Meanwhile, “fetal assault” laws and others making it a crime to harm a fetus can be used to criminalize people who self-manage their abortions, doing the procedure at home with medication ordered online or otherwise obtained outside a clinical setting. The practice is growing more common around the country as state laws make an in-clinic abortion harder to get, and could become more common still if the Supreme Court guts the protections in Roe v. Wade.

Doctors and reproductive health advocates also say that laws criminalizing harm to the fetus can lead to dangerous situations where a patient is experiencing a miscarriage and needs care, but becomes the subject of a criminal investigation instead. The laws could force medical professionals into the role of investigators and drive a wedge between them and their patients, Perritt said earlier this year.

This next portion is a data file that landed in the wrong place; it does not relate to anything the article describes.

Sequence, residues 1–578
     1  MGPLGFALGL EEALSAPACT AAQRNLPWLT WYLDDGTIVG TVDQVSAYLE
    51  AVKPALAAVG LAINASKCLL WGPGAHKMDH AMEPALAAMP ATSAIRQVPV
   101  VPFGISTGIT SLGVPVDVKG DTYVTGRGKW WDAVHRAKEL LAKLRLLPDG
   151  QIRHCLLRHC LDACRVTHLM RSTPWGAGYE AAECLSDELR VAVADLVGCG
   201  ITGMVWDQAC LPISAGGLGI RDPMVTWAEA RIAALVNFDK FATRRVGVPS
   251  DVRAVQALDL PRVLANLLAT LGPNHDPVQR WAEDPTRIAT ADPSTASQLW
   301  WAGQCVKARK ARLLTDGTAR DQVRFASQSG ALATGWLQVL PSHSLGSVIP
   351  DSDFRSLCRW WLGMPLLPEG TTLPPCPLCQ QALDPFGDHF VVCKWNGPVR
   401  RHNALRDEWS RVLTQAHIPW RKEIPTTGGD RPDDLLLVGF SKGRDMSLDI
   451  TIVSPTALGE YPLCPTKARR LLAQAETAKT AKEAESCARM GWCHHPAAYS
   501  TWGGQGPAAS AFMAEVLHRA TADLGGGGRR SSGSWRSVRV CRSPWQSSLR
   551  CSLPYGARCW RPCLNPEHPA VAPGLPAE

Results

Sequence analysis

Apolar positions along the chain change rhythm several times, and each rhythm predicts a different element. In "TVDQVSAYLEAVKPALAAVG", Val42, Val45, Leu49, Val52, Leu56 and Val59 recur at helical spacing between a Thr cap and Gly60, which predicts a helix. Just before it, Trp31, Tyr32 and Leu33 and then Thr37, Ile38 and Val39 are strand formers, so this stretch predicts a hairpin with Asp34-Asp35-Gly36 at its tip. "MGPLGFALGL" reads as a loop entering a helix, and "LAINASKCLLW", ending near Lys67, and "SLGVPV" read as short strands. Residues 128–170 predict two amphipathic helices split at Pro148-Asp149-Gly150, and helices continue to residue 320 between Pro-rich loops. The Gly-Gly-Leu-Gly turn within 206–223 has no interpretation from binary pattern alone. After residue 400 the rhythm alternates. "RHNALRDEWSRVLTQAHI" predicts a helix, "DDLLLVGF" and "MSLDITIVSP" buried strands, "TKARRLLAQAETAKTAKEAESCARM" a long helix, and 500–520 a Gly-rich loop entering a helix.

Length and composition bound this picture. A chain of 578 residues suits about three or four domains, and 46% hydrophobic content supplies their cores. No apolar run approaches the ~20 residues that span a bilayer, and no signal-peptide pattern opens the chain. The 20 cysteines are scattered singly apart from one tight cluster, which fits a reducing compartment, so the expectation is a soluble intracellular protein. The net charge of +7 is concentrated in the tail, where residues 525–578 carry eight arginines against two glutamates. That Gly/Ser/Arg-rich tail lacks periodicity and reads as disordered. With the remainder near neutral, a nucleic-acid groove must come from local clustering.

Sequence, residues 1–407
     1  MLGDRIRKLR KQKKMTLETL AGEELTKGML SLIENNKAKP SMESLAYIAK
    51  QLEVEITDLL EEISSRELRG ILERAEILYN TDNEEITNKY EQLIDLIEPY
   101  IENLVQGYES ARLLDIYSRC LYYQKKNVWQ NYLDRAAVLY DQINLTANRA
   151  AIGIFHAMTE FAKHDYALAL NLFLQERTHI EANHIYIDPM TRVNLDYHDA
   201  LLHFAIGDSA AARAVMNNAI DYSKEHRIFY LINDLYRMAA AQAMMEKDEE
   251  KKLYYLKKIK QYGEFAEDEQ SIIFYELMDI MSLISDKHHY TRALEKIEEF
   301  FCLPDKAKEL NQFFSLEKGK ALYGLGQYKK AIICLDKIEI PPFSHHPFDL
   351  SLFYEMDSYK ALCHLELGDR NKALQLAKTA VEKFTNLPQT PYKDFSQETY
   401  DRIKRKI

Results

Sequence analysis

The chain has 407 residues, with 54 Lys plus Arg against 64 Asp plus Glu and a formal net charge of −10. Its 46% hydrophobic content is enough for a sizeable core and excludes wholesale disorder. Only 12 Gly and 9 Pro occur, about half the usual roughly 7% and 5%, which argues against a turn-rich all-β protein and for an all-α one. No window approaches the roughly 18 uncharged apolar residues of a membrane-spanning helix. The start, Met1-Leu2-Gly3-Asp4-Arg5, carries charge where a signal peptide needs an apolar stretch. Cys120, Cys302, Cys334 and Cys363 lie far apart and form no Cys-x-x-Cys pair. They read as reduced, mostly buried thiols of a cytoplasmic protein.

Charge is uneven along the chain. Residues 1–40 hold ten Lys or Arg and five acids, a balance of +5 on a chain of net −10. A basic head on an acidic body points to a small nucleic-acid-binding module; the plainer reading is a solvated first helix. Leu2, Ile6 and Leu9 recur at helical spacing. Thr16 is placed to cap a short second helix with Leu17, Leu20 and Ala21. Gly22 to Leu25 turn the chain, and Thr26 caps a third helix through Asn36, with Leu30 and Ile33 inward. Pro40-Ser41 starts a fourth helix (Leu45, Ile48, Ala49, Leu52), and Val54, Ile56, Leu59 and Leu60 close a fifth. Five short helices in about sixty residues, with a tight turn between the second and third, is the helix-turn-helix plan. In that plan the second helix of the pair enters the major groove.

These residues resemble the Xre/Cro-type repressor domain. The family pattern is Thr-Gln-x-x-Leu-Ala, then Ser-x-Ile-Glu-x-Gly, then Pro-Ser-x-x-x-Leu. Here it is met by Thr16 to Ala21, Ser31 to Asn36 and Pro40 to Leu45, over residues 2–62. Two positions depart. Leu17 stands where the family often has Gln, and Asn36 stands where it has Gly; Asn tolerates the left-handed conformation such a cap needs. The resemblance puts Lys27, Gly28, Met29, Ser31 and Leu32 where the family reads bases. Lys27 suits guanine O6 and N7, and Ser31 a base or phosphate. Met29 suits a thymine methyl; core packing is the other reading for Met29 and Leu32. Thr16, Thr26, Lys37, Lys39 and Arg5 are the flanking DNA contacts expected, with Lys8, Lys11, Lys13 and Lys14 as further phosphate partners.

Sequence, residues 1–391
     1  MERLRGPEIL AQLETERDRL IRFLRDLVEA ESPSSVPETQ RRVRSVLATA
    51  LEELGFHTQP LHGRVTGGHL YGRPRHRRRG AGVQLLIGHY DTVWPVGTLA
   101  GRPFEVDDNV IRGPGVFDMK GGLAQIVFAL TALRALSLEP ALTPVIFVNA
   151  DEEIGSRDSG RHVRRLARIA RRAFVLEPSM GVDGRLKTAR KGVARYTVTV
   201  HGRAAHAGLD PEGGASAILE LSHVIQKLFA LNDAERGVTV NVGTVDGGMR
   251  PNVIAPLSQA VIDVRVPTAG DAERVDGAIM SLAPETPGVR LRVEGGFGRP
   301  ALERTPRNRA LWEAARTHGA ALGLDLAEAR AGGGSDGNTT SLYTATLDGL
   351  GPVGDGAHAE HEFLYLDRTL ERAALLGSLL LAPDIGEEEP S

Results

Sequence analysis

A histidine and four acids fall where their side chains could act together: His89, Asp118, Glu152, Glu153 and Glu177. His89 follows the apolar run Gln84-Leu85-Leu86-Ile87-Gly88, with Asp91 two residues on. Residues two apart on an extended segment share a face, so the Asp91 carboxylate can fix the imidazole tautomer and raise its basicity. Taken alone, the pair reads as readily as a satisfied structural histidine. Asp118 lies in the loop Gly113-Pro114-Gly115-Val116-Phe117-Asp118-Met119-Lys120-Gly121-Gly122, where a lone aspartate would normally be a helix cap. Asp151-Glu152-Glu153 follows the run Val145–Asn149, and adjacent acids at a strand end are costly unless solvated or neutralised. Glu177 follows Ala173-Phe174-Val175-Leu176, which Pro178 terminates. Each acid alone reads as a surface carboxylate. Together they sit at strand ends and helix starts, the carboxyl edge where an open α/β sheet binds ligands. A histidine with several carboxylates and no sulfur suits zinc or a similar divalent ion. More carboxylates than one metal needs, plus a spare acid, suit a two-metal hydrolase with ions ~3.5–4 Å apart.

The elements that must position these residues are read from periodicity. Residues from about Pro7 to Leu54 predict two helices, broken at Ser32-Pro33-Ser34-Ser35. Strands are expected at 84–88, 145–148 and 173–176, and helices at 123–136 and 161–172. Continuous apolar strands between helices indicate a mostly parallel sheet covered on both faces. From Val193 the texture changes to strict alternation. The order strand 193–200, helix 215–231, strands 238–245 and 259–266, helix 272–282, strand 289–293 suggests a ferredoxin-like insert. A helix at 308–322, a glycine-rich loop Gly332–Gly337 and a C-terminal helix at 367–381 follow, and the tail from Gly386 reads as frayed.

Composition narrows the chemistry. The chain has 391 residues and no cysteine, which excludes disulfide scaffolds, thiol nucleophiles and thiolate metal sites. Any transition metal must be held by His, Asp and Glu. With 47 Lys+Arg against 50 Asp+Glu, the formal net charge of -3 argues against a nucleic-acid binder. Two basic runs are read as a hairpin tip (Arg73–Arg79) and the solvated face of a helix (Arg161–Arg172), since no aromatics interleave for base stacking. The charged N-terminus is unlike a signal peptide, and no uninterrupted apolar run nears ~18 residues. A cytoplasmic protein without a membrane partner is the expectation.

“An individual should feel comfortable coming in, disclosing any behaviors to their provider without fear of prosecution, and setting up this dichotomy where it’s us versus them is not the way to do that,” she said. “I’m a trained medical provider, I’m not a police officer.”

It’s not yet clear what will happen in Becker’s case. California law defines murder as “the unlawful killing of a human being or a fetus with malice aforethought,” according to the National Conference of State Legislatures. But Lim reports that California courts have previously dismissed murder charges against pregnant women who used drugs.

Whatever the case, both “fetal assault” laws and restrictions on abortion are becoming more common — this year, for example, Tennessee lawmakers introduced a bill allowing pregnant people to be charged with assault if their baby is harmed by narcotics use during pregnancy. The measure did not pass, but the country is likely to see even more cases like Becker’s, in which a pregnant person goes to a hospital and ends up in jail.

Sign up for the newsletter Today, Explained

Understand the world with a daily explainer plus the most compelling stories of the day.